The Government have not set their face against legislation and we are still considering the approved code of practice. The 1974 Act places obligations on all employers in respect of the health of their workers. We know that gains can be made by voluntary action. My hon. Friend mentioned other jurisdictions, such as Ireland and New York, and smoking in public has been banned in some places. Regulations in Ireland to ban smoking in all workplaces have been published in draft and will be implemented on 1 January next year. However, such legal restrictions have to be policed.

We believe that it is possible to make substantial progress on a voluntary basis while we consider the issues. The Government have supported the licensed hospitality industry's public places charter, which aims to improve facilities for non-smokers in pubs, bars and restaurants. As my hon. Friend made clear, it makes good commercial sense to improve facilities for non-smokers. Voluntary action is taking place and it can make a difference. I am certain that we will watch with interest what happens in Ireland. The Government are determined that progress must be made. That is a necessity.

Mr. Barron

The Health and Safety at Work, etc. Act contains a test of what is reasonable and practicable. I have seen evidence, which I know that the Government have received, in which barristers say that the test has never been applied to people suffering from passive smoking in the workplace. Are the Government prepared to publish the advice that they have been given on that issue?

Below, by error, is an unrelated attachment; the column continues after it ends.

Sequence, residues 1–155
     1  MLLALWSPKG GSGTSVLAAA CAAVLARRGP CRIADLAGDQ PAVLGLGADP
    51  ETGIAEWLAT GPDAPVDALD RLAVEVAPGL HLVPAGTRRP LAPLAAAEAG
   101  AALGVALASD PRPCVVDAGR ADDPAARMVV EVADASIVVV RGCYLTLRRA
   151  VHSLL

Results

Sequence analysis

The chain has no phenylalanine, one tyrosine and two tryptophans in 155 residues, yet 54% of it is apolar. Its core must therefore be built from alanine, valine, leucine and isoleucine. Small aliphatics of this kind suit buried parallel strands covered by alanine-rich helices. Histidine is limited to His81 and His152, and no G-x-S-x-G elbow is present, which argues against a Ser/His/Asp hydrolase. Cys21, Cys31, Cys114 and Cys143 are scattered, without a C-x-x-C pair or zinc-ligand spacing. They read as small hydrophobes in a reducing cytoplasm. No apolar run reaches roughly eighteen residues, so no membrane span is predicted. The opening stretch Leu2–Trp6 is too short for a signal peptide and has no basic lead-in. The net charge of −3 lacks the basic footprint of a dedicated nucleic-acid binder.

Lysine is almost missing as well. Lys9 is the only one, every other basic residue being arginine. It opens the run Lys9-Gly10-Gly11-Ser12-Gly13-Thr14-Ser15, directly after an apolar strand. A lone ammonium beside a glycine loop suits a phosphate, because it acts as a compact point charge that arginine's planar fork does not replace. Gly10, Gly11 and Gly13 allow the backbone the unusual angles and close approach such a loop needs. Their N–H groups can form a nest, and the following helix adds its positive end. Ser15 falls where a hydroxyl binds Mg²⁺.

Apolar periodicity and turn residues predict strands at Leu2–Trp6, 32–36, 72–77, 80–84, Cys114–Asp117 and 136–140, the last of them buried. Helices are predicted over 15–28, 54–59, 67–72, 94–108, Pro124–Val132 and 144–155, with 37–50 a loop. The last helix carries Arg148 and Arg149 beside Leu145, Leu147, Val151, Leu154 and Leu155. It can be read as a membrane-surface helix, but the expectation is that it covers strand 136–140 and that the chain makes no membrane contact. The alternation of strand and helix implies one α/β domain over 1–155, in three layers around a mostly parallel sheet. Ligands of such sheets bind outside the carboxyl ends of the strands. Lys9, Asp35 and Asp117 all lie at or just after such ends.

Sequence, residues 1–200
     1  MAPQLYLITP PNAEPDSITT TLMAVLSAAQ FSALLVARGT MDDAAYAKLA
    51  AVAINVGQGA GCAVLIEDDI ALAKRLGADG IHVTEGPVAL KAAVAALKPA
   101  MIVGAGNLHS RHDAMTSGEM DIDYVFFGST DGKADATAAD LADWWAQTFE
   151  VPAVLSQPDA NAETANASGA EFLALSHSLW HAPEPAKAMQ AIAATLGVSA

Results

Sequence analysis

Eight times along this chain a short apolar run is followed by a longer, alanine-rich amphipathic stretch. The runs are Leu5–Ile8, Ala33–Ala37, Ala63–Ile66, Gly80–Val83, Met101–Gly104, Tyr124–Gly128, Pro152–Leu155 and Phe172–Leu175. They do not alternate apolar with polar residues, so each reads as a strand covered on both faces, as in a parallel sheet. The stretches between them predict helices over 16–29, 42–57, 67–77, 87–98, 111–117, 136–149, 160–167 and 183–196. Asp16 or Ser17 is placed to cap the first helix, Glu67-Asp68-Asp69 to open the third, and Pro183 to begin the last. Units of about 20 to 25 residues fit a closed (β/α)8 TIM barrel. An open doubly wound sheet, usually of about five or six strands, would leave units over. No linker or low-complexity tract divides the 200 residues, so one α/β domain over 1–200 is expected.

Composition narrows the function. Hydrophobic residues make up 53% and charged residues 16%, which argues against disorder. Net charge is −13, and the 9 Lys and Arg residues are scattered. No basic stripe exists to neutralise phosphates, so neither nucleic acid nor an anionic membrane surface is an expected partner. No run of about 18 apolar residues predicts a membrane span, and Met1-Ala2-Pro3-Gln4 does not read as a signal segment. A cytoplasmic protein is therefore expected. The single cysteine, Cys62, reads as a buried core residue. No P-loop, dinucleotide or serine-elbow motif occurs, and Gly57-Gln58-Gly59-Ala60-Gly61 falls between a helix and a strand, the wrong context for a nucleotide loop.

Maria Eagle

I shall certainly have a look at that, as my right hon. Friend has raised the matter with me. I am not in a position to tell him now what the situation is, but I undertake to get back to him once I have investigated it.

The Government are funding local tobacco control alliances throughout England which work in communities to raise awareness and increase the number of smoke-free environments. Findings from those projects will also inform the future development of work in that area. There are 42 such alliances in England, and the Government spend about £1 million on support for their work. We are considering, in addition to action that is already under way, developing education and information resources to raise awareness and understanding of the risks associated with passive smoking.

Again, I commend my hon. Friend the Member for Huddersfield and other colleagues present for raising the issue. The Government take it seriously, and we want to see progress. My hon. Friends and I agree that we need to make sure that workers in these industries are offered appropriate protection, and once the review of the approved code of practice has been completed, the Government will return to the House with our conclusions.

Question put and agreed to.

Adjourned accordingly at twenty-nine minutes to Eight o'clock.